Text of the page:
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Make Your Own Language

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by Matthew (subscribe)
WEN Editor
Published May 11th 2011
Photo by Woodleywonderworks
Make Up Your Own Language - Photo by Woodleywonderworks


There have undoubtedly been times when you've heard foreigners speaking in a language other than English, and you've often wondered what on Earth they were talking about. Sometimes, you might even become envious because you can't enjoy the same privilege of privacy while in public. That's fair enough.

Just remember that should you choose to learn another language, there will forever be some people around who will understand what you are saying. But, if you do something entirely new and invent your very own language and attempt to get those closest to you to learn it - or at least learn a few basic common sentences - absolutely no one else on Earth will ever be able to interpret it. Sounds cool, huh? Imagine what you could get away with when your telephone is tapped.

Here are some suggestions that may help you to achieve this unusual, yet highly desirable, goal.

First determine whether you intend to just utter words in your new language. That should eliminate the need for creating special characters in a new alphabet. If you're sticking to speech,
perhaps focus on the pronunciation of words. Develop a list of the most commonly used words and invent new-sounding ways to say them.

You could probably use English letters. Just re-arrange letters in an English word to get a different sounding pronunciation, or add as many letters as you want to your new word. The more, the merrier, as the old saying goes.

In fact, the more that you mask a word in English by providing more characters for the equivalent word in your made-up language, the more difficult it would be for anyone to understand it. And that's what you're aiming for, lest the exercise becomes frivolous.

Try to stay on the side of simplicity. When it comes to the crazy invention of your own language, do your best not to needlessly complicate things. That is, unless you really want to show off, consider an easier way to learn your made-up speech. For example, probably the most basic of ways to make up pronunciation of completely new words is to try and pronounce words in the English language backwards. It can be quite a funny exercise.

Another fantastic method of disguising the meaning of the words in your new language is to learn another non-extraterrestrial language (a foreign Planet Earth language) and pronounce everything in reverse. But this idea, though somewhat interesting, can be far too time consuming.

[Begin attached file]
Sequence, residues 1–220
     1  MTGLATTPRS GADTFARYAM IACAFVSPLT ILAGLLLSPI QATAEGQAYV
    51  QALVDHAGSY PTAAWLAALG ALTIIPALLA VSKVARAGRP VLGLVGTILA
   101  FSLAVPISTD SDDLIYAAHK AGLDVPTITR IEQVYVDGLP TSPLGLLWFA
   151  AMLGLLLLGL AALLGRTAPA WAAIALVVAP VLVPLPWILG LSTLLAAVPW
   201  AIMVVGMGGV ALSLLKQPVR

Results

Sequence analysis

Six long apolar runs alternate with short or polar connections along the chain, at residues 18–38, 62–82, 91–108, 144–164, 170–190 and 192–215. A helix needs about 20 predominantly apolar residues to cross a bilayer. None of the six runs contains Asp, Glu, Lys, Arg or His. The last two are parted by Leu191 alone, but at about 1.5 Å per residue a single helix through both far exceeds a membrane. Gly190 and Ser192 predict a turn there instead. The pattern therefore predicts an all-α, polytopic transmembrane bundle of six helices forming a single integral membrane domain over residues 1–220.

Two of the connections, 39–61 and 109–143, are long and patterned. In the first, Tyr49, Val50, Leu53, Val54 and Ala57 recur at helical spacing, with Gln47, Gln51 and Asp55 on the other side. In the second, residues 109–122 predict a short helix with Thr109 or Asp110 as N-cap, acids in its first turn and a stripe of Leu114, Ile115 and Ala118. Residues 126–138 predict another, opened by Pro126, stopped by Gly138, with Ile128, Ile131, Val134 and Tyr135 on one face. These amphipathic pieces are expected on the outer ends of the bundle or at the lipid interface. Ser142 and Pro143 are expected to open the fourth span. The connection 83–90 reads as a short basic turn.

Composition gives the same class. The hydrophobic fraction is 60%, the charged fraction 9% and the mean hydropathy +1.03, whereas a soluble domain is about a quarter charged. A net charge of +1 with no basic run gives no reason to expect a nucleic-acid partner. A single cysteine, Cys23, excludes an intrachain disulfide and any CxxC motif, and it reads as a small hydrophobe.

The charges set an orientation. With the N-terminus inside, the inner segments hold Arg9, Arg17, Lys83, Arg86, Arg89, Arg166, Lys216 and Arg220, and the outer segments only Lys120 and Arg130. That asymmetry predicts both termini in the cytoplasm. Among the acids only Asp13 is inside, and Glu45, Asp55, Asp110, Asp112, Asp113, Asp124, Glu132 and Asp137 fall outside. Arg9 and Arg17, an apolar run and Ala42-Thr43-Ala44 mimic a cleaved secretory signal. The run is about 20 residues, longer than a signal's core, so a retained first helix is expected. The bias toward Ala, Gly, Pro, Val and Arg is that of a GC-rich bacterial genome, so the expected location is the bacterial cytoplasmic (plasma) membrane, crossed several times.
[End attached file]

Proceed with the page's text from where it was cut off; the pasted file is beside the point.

It'd help if you were raised with a language other than English. Then again, you might think the whole idea of creating a brand new language is pointless. Don't be conceited, friend. There are still people in the world - and possibly around you in public - who could still understand you.

The next step would have to be naming your language. What do you want to call it? Try to think of something that exactly describes what your language is all about.

For instance, call it a cliché but I personally think that French is by far the most romantic sounding talk on Earth, especially the sexy accent. My pleasure for complimenting all French folk reading this.

Now let's say if I was to learn French backwards, I could call this exciting new tongue something like "Backward Romantic French". If it became popular enough, one would say, "Ooh la la, that Parisian couple are speaking Backward Romantic French". Well, perhaps they're the brightest, most intellectually advanced - and not to mention, indelibly romantic - French couple around. Imagine the next SBS film in Backward Romantic French. They'd be clueless when it comes to the provision of subtitles.

Overall, aim for originality and uniqueness. You don't want anyone or anything in terms of technology, computers, translation software, space aliens, and the like to come close to understanding you and blowing your cover.
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Comments
There is a wonderful book of short stories by G K Chesterton, called "The Club of Queer Trades". The club only admits members who have invented an entirely new way to earn a living. One of my favourites is about a professor who invents a new language based on hopping, dancing and jumping. Think John Cleese from the Ministry of Silly Walks and you'll more or less have the picture.
By Geraldine Massey - senior reviewer
Friday, 22nd of July @ 01:07 am
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